When the PFL signed Ray Cooper III as part of its inaugural welterweight tournament field, the acquisition hardly made a blip. At the time, Cooper had fought to some renown, having defeated the colorful journeyman Charles “Felony” Bennett, but then again, he’d only won two of his most recent four fights. He might have been a prospect, but one with questionable upside.
That all changed at PFL 3. On that July night, Cooper faced the durable and dangerous veteran Jake Shields. With Shields’ history as a former Strikeforce and EliteXC champion as well as former a UFC title contender, the veteran was a sizable favorite, topping -1400 on some sportsbooks — but the number was apparently a mirage. Through power and speed, Cooper battered Shields from the outside early. With Shields struggling to mount any offense, he attempted to lure Cooper to the mat by going to his back early and often. Cooper avoided the temptation and punished Shields with heavy shots until landing a smashing left hook about two minutes into the second round. The punch sent Shields falling face-first, and Cooper followed up with hammerfists, overhands, and straight rights until Shields turtled up and the referee stepped in to save him.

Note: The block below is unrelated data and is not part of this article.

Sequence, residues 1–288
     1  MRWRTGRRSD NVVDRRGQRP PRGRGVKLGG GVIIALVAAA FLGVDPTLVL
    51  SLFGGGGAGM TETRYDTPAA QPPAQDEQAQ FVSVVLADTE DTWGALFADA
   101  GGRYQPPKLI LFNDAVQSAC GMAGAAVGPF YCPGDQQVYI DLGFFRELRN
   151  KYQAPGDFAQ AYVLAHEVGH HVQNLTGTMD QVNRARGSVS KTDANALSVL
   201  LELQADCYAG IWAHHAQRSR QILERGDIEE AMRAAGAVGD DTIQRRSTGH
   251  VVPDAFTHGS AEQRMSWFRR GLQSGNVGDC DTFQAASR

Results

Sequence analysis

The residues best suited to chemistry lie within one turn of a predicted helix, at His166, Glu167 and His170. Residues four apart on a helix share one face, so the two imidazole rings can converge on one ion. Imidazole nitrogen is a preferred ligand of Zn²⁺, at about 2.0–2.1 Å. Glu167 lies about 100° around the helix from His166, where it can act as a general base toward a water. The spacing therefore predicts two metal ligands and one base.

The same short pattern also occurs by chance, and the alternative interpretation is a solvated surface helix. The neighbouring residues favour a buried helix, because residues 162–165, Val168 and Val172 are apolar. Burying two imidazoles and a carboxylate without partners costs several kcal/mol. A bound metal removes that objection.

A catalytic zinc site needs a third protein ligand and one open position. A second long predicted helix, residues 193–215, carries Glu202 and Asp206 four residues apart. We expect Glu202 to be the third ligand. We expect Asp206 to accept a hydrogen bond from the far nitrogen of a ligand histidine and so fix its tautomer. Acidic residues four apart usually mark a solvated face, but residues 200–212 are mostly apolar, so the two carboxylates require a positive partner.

Suddenly, Ray Cooper III became a name to watch.
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